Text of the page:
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A

Anonymous

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“Double Muscling” refers to cattle characterized by bulging muscles of the shoulder and thigh. Check out the picture of the Belgium Blue at the OK State Cattle Breeds site:

<A HREF="http://www.ansi.okstate.edu/breeds/cattle" TARGET="_blank">www.ansi.okstate.edu/breeds/cattle</A>

Double muscled breeds that come to mind are Belgium Blue and Piedmontese. The quality does show up in other breeds. It’s a fault in the Angus breed; you can’t register a double muscled calf.

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Anonymous

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I can't imagine how a Belgian Blue ever gets born! You would think that they would hip lock every time.... I shudder to think what the whole birth canal looks like after having one of those calves go through it... thank you for your response.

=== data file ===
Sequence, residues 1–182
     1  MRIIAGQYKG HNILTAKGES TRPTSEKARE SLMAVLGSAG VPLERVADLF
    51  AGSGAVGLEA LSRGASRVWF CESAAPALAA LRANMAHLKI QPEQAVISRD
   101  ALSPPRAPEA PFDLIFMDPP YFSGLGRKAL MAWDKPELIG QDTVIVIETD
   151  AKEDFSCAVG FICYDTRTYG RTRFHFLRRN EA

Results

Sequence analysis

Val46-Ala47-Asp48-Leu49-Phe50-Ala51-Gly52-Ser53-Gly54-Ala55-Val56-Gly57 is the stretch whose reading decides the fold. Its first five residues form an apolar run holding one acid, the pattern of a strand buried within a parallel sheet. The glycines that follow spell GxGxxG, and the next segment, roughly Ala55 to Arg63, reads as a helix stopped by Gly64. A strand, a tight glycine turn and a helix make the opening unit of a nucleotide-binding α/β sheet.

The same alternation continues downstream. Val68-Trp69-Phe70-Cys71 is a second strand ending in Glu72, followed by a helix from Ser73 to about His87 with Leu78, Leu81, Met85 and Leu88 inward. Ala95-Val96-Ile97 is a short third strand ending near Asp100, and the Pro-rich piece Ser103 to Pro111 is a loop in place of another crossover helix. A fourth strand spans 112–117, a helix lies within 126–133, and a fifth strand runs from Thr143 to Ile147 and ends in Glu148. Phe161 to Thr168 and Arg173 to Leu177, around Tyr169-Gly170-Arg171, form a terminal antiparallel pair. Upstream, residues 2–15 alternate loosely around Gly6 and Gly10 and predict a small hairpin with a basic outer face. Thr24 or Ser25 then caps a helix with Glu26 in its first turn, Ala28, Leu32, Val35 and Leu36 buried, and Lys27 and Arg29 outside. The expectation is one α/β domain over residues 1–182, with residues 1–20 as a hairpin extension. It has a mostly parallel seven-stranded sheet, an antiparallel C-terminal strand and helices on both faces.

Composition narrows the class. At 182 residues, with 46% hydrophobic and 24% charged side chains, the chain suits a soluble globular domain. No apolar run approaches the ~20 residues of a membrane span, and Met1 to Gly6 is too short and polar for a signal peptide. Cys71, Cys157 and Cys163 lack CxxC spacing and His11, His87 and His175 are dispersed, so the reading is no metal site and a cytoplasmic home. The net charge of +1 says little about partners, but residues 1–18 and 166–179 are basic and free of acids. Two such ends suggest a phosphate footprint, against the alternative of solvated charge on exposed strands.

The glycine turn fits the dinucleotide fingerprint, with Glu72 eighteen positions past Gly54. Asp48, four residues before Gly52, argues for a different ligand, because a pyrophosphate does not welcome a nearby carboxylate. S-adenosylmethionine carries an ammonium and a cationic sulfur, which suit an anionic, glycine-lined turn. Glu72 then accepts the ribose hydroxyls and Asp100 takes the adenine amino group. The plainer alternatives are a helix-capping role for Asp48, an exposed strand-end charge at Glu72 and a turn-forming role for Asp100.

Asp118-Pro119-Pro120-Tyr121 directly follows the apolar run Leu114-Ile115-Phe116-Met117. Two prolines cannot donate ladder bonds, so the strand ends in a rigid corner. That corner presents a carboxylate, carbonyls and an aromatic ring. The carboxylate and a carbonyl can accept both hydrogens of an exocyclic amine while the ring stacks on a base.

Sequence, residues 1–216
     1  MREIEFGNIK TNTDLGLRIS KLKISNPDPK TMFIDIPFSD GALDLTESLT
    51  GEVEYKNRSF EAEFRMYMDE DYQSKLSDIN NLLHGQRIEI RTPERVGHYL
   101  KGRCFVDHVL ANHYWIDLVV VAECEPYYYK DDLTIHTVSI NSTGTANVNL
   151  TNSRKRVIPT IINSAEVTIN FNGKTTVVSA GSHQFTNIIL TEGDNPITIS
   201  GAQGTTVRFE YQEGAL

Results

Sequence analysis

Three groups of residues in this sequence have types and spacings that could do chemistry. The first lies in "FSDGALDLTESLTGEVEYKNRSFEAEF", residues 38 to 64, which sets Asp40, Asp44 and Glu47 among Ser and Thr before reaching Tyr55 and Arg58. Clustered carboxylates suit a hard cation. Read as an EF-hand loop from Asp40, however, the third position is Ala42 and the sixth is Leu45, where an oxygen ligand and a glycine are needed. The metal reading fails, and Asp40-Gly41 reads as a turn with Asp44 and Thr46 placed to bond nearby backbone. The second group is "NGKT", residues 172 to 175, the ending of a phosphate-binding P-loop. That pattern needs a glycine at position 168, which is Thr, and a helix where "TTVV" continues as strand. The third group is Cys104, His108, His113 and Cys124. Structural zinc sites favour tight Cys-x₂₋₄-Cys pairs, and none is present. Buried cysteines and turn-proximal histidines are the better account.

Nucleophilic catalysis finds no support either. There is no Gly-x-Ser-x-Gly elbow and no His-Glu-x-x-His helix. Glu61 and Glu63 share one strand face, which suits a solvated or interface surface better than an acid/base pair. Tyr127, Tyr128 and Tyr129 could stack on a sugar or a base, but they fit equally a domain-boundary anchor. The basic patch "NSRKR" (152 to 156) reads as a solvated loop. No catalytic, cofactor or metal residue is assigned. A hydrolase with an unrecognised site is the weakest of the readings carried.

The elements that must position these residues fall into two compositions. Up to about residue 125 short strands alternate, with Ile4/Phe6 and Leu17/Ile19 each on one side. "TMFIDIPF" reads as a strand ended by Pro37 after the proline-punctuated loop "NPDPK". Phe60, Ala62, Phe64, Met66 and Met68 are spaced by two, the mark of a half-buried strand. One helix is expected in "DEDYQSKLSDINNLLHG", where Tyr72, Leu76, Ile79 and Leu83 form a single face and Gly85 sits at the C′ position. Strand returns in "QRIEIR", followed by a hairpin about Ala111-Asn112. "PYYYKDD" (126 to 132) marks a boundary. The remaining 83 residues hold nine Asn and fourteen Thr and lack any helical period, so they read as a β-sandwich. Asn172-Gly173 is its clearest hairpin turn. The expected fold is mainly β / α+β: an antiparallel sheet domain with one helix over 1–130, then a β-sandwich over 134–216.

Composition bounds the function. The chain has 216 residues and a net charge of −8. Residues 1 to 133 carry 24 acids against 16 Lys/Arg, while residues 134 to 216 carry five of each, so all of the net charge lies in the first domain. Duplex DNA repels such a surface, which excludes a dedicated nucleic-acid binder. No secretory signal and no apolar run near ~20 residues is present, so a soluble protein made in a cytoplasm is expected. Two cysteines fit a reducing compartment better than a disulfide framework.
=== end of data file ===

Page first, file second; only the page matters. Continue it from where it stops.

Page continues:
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A

Anonymous

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> What are some opinions on the best
> breed or cross to have. As far as
> ease of calving,rate of
> gain,temperment,as well as
> marketability. Cattle would be in
> southern michigan.

I would wholeheartedly recommend the Murray Grey.They are tops in every category you mentioned.

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A

Anonymous

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I am a purebred Simmental breeder, but I feel the best momma cows are Simmental X Angus. You get your hybrid vigor, heavy milking, easy keeper, fertile, and black for marketing. Jeanne